The Best Big Bank for Your Portfolio
With earnings season winding to a close, I've started to search for the next investment to add to my portfolio. Since I spent most of April looking at bank earnings, I figured financial companies would be as good as any place to start looking. Not all financial companies are created equally, however, so I've decided to break my search into four distinct groups: "too big to fail" banks, regional banks with more than $1 billion in market cap, regional banks with less than $1 billion in market cap, and other financial-service companies. From each group, I plan on selecting one company to potentially add to my portfolio, but in the meantime, I'll make a CAPScall with hopes that they can help my CAPS score.
Truly big banks
The first group of banks I'll examine are the five largest bank holding companies in the United States based on total assets. They're all household names to most investors and could almost be "too big to fail." They are all firmly entrenched in our financial system, but their size does not automatically make them good investments.
|JPMorgan Chase (NYS: JPM)||$2,828.9B||$155.4B||8.1||0.76||3.2%|
|Bank of America (NYS: BAC)||$2,181.4B||$83.3B||N/A*||0.37||0.5%|
|Citigroup (NYS: C)||$1,944.4B||$89.4B||7.8||0.45||0.1%|
|Wells Fargo (NYS: WFC)||$1,333.8B||$172.9B||11.0||1.27||2.7%|
|Goldman Sachs (NYS: GS)||$950.9B||$53.1B||14.8||0.81||1.7%|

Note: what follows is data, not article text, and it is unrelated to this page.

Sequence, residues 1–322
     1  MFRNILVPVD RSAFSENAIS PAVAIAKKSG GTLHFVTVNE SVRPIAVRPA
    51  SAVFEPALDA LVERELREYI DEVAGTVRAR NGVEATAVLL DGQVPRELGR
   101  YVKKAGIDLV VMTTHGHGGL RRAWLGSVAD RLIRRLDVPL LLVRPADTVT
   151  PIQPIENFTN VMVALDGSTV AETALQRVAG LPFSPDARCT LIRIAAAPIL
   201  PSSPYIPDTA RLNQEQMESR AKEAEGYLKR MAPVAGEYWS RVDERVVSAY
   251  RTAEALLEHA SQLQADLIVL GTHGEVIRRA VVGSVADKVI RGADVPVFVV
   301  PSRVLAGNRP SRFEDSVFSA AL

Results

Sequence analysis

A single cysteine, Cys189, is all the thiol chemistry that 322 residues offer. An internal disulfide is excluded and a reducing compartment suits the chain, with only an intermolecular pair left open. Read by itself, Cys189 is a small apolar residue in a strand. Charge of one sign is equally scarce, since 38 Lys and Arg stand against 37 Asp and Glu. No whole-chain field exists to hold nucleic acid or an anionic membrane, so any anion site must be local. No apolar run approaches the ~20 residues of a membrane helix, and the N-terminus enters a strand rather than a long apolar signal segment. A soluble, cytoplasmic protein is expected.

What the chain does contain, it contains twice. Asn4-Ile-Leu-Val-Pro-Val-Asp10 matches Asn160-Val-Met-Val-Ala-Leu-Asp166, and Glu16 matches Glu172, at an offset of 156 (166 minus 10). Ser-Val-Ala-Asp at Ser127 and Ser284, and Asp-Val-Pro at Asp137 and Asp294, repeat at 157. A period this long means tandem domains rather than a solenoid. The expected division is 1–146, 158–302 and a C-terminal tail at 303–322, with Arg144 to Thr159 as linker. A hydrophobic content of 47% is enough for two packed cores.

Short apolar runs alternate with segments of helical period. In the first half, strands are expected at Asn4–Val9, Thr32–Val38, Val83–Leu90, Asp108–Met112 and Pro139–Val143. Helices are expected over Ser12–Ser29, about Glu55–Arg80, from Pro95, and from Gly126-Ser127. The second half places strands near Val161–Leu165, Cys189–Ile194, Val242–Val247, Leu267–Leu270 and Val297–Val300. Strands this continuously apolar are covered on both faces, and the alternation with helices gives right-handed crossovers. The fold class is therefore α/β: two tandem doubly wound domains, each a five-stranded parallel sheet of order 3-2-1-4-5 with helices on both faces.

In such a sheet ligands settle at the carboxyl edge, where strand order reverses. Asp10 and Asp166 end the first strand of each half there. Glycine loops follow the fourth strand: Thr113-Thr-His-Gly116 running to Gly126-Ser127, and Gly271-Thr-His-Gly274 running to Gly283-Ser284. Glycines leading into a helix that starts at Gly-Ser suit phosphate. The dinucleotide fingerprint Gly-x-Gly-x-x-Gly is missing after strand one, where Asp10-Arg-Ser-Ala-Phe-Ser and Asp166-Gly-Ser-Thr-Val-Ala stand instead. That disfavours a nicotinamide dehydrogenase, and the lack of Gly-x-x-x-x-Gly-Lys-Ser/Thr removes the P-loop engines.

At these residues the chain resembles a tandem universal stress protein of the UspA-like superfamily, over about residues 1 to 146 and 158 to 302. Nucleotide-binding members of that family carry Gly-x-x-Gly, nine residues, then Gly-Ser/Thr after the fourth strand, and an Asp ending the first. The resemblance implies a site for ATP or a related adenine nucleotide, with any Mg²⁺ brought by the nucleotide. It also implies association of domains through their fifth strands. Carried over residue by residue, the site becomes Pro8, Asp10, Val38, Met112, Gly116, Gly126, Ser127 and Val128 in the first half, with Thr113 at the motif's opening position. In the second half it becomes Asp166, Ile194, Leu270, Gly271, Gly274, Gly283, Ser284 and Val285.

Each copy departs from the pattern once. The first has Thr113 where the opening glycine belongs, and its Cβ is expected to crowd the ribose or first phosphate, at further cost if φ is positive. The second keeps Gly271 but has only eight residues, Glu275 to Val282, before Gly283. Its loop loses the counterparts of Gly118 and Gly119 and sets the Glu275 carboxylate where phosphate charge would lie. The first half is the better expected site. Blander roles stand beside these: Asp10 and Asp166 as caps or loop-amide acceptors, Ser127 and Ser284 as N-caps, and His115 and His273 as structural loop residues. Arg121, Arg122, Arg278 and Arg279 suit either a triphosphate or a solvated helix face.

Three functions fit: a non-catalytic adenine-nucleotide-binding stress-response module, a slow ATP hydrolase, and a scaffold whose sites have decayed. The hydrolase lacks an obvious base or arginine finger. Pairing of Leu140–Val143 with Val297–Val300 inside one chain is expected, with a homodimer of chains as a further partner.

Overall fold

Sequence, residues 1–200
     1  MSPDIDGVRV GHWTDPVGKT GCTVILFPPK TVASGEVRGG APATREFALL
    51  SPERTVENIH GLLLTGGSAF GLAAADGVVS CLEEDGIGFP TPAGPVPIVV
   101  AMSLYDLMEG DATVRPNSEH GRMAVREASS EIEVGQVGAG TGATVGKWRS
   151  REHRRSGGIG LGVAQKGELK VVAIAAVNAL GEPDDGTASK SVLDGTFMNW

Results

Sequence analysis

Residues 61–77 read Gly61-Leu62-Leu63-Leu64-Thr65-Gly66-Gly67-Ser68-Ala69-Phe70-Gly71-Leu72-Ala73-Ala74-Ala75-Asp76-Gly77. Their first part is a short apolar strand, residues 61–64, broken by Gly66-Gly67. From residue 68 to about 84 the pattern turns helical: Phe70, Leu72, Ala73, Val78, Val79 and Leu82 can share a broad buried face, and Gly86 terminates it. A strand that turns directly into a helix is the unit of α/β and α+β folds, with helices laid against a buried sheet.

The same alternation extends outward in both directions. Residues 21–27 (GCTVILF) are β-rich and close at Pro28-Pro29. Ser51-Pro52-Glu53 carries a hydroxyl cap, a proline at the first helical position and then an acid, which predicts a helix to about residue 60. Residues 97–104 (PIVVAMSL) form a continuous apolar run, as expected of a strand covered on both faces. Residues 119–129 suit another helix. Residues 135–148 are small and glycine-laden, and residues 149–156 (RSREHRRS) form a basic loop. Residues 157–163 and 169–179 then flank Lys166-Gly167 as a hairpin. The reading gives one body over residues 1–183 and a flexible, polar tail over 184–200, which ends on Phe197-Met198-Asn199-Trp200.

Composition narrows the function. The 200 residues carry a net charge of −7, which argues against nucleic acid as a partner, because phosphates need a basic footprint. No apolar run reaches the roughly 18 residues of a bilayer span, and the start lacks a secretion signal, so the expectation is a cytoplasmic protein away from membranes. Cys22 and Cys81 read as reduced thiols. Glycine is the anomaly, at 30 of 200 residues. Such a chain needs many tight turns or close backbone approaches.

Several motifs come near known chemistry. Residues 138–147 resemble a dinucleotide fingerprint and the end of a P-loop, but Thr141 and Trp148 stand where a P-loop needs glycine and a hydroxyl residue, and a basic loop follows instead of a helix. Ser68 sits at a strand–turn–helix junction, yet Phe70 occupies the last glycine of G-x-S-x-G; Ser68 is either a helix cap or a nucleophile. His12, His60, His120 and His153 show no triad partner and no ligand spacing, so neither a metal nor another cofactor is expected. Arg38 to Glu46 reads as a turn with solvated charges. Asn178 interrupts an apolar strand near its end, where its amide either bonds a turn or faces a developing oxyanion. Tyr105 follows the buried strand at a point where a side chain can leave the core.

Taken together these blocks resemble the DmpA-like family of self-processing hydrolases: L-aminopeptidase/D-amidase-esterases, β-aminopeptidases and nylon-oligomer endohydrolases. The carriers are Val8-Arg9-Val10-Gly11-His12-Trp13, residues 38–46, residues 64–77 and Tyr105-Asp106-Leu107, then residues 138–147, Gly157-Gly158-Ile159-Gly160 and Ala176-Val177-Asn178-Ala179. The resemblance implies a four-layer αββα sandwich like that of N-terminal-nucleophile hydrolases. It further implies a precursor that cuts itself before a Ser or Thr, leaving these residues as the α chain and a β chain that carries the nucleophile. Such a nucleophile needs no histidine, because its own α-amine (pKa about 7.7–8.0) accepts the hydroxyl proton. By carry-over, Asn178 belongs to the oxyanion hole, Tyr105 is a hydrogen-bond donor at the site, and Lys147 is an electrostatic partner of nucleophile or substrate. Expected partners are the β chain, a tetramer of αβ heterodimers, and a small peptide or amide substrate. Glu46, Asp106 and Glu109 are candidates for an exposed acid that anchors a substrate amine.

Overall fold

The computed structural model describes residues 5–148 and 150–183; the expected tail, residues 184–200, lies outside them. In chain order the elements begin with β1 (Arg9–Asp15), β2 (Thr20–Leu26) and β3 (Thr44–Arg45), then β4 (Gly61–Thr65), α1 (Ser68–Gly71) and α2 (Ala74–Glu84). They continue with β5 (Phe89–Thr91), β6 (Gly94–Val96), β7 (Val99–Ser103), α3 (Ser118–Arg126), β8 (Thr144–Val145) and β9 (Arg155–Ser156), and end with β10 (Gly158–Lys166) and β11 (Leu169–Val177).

Sources: Finviz.com, company filings, and Motley Fool CAPS.
*N/A because of negative earnings.
On with the eliminations!
The first of the five that I'm eliminating from consideration is Citigroup. It does have a couple of positives: the lowest P/E and second lowest P/B ratio. However, there are many more negatives about this bank beyond the numbers. Leadership matters, and CEO Vikram Pandit is highly compensated even though the stock has failed to perform since he took over, and shareholders recently rejected his latest pay package. Citigroup was also one of only four banks to fail the recent round of Federal Reserve stress tests, most likely relegating its dividend to its current level until 2013.
After eliminating the cheapest option for reasons other than price, Goldman Sachs is the next bank to feel the cold kiss of executioner steel. With other options available at cheaper valuations, Goldman gets bypassed for now, despite trading at a 19% discount to book value and a recent rise in its quarterly dividend. However, while its recent earnings release showed a 64% increase in revenue, underlying results showed a fall to third place in equities underwriting, as well as an increase in total compensation despite laying off some of its workforce last year. The bank is among the best at what it does, and worth keeping an eye on, but it won't find a home in my portfolio right now.
And then there were three ...